Tahoe Travel, Food Pics, a Book, and The Quintessential Major Award

Headed up to South Lake Tahoe end of last week for three nights. Not a bad view.

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That was at the brand new The Landing Resort & Spa. So new, in fact, that we were there on opening day and were the very first guests to check in. My valet ticket was 0002.

The owner is Greek and so naturally, the restaurant is Jimmy’s. They weren’t quite prepared to open that first night, but we were on hand the next night for their opening under a limited menu. Bea and I shared all three dishes.

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Some kind of squash soup with an Indian spice & cinnamon flair
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Grilled Octopus with Leek, Capers, Chickpeas, Lemon Oregano Vinaigrette, Greek Olive Oil
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Wood grilled Loup de Mar

Guess what? Denise Minger’s book is finally done: Death by Food Pyramid: How Shoddy Science, Sketchy Politics and Shady Special Interests Have Ruined Our Health. My copy has arrived. She’s next for a review, after I get to John Durant’s book, and then Chris Kresser’s.

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Here’s Denise’s own blog post about finally finishing it.

I made gluten free French toast this Christmas morning as a special treat. Can’t even recall the last time.

  • 2 eggs
  • 1/4 cup heavy cream
  • 1/8 cup water
  • 1 TBS butter
  • 1 TBS honey
  • 1/4 tsp salt
  • 1/2 tsp cinnamon
  • 1/8 cup tripple sec (orange zest will work too)
  • 4 slices of bread

Put the butter & honey in first, nuke to soften, mix everything else in together, dump in a baking dish and let your bead soak up for about 30 seconds per side. I cooked it in the same fry pan I cooked the bacon in. Drained the fat leaving just the coating and the bacon residue, then added an additional pat of butter.

Finish off with a pat of butter on each slice, toped with pure Canadian maple syrup that you’ve heated (I nuked 1/2 cup for 45 seconds and that was perfect).

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Finally, we had Christmas eve dinner at the house of good friends last night who served excellent cornish game hen with wonderfully crispy skin. I didn’t get a picture of that, unfortunately, but I did of their Major Award.

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I’m told it’s fra-gee-lay. That’s Italian.

OK, have a nice Christmas holiday with your family. Bea & I are headed off to visit some family for a few, then it’s the rest of the afternoon seeing Scorsese’s The Wolf of Wall Street. It’s 3 hours!!! The last time I saw a Christmas day movie in the theater was actually Scorsese’s The Gangs of New York. I’m expecting no less of a spectacle.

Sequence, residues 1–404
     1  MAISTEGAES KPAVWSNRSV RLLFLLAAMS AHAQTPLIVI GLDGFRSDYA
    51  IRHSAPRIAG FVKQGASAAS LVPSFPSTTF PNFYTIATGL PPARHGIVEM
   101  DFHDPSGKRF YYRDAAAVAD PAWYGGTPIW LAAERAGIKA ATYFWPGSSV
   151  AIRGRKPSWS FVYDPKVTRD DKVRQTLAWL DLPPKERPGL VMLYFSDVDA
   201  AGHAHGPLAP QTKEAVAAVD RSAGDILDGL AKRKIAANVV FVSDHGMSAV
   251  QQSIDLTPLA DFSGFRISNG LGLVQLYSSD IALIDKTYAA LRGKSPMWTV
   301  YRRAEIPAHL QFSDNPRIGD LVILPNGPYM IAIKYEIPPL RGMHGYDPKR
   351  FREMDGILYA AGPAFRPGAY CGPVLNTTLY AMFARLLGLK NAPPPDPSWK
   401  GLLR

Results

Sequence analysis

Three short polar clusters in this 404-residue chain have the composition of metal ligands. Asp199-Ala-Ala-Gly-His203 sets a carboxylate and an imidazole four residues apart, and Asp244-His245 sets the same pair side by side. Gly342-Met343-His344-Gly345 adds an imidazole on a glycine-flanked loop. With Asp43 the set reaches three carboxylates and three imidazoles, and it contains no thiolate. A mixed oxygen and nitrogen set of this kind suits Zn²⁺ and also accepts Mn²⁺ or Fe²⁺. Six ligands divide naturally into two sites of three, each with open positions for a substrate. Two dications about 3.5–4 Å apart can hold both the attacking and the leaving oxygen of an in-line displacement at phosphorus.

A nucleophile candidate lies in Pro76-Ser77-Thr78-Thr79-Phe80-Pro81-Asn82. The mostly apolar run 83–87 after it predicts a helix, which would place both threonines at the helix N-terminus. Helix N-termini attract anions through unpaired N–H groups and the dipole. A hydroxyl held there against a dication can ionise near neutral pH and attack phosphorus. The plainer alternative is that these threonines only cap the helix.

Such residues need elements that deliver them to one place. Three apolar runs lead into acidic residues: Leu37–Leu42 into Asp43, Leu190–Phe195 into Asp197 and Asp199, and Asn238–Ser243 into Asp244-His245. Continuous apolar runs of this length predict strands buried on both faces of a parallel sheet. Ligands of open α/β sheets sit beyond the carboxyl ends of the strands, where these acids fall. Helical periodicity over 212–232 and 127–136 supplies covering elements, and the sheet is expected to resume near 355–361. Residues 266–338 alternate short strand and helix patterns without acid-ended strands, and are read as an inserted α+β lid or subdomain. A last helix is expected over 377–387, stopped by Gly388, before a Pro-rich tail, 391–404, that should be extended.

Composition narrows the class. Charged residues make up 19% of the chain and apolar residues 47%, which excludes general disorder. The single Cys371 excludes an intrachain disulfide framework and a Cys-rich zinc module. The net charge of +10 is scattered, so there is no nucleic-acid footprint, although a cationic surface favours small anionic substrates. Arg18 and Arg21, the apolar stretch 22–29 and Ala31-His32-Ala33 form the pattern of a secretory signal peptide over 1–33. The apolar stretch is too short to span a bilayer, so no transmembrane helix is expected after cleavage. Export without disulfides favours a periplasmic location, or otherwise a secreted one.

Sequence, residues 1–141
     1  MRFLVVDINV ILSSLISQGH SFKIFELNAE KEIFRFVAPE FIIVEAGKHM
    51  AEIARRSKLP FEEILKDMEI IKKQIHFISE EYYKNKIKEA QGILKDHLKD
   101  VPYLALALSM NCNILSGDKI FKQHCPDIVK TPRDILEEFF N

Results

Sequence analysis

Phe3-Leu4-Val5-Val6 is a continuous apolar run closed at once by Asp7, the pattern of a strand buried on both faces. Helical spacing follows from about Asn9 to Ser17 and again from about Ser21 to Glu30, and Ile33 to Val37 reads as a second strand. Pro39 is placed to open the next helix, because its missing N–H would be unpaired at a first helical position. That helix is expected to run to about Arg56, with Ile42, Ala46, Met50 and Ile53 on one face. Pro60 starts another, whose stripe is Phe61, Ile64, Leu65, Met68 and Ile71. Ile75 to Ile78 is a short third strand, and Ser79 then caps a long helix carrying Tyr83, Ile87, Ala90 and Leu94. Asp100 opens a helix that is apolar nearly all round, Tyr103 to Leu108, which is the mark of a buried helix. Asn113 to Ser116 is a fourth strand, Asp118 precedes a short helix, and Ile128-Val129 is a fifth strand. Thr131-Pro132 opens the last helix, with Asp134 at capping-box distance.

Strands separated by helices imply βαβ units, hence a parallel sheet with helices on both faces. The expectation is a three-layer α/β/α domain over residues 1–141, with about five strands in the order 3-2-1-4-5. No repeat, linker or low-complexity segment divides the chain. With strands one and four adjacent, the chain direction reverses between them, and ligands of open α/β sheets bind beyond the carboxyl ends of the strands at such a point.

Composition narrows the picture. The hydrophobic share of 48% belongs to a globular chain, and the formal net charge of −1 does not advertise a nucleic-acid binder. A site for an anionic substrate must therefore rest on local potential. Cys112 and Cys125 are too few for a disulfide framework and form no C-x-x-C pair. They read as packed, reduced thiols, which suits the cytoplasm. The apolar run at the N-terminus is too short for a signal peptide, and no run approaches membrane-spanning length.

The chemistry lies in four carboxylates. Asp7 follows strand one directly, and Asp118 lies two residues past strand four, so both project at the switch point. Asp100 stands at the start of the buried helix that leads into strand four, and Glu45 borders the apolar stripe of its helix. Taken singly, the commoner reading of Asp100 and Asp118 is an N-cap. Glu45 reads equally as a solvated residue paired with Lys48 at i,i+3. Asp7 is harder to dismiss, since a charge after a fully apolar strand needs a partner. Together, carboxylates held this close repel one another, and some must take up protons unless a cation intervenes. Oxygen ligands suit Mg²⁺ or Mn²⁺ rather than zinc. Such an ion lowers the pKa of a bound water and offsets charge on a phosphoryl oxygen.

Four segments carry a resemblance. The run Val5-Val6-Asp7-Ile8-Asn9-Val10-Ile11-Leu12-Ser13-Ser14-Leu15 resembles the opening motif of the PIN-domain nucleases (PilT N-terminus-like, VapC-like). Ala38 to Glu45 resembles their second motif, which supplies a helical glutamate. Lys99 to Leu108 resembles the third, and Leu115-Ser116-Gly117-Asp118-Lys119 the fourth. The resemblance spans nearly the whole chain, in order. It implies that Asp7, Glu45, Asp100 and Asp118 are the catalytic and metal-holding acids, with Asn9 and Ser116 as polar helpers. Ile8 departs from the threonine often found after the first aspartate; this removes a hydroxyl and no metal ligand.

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  1. gabriella kadar on December 25, 2013 at 13:18

    I’m totally jealous. I ordered 5 copies of Denise’ book. Crossing my fingers the box will be at the office next week.

    The fish looks good too.

  2. Shameer Mulji on December 25, 2013 at 15:24

    Don’t forget the French Toast. Still salivating

  3. gabriella kadar on December 25, 2013 at 16:59

    Nah Shameer, I really wonder what Richard’s blood glucose is after eating the French toast with maple syrup. Looks great, tastes great…………but, well? I’ll stick with the fish and the octopus (?)….. man where are the tenticles? That looks more like cuttlefish.

  4. Richard Nikoley on December 25, 2013 at 19:14

    I measured 200 about 30 minutes after. At an hour, less, like 180.

    Not something I do often, so I really wasn’t dissapointed that PS is apparently not an absolute shield (I took 4 TBS about 2 hours prior).

  5. gabriella kadar on December 25, 2013 at 19:29


    Was that really octopus or was it cuttlefish? Both are great. But usually when I eat Grilled octopus at the Greek it’s arms. LOVE them.

  6. gabriella kadar on December 25, 2013 at 19:30

    Or legs…………………what do Octopi have? Arms or legs?

  7. John on December 26, 2013 at 02:44

    I imagine your sugars would have spiked worse without the RS.

  8. gabriella kadar on December 26, 2013 at 07:11

    According to the Mayo Clinic website the answer is yes.

    Excess glucose is toxic to the brain. It causes vasodilation and emotional irritability. Skin conditions like Rosacea get much redder when blood sugar levels are high. I see this with my patients who are not keeping good control. They are very highly reactive over things that would not ordinarily result in such reactions. Unfortunately the further along they are in regards to lack of diet control, the less likely they are to respond positively to suggestions of dietary and lifestyle changes.

  9. Spanish Caravan on December 26, 2013 at 10:48

    v, most diabetic die from thrombosis-related issues (stroke, myocardial infarction). Depends on how high your BG is but if your A1c is >10, your HDL is not likely to work well, since your blood is literally full of sugar and gunk and become sticky. It causes thrombosis even in people with low CVD risk versus those with similar risk but without high BG. That’s why diabetics are prescribed dozen medications: blood pressure medications, statins, blood thinners, diabetic medications, insulin mimetics, insulin. So the downside of having high BG is well-documented and diabetic or not, we should try to keep our BG